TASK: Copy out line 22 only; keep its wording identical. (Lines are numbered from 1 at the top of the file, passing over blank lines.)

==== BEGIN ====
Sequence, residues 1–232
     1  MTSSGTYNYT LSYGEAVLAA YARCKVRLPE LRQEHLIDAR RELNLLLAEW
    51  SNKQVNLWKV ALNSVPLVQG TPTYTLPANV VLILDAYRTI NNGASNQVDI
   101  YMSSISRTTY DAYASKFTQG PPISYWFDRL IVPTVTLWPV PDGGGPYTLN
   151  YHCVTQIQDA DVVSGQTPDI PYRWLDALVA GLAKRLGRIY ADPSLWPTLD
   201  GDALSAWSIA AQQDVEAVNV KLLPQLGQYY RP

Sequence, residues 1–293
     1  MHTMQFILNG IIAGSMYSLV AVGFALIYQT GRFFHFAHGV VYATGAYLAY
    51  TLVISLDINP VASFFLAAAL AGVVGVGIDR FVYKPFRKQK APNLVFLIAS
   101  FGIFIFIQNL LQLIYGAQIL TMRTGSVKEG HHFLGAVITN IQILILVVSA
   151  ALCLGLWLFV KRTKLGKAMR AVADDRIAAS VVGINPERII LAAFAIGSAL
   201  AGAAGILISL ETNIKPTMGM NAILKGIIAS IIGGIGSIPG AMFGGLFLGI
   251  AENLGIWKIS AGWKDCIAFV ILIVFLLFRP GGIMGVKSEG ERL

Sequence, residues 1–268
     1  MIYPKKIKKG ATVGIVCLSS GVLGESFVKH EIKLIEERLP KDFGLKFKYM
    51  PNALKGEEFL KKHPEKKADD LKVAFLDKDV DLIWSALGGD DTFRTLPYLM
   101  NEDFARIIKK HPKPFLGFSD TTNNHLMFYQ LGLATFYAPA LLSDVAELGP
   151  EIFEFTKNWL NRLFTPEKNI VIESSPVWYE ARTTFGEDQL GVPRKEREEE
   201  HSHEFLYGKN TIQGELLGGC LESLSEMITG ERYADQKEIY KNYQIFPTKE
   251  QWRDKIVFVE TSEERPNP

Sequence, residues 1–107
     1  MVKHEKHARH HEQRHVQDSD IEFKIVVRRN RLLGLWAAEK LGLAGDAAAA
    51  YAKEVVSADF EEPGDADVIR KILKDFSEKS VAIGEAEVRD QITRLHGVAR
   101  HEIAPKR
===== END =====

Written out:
     1  MVKHEKHARH HEQRHVQDSD IEFKIVVRRN RLLGLWAAEK LGLAGDAAAA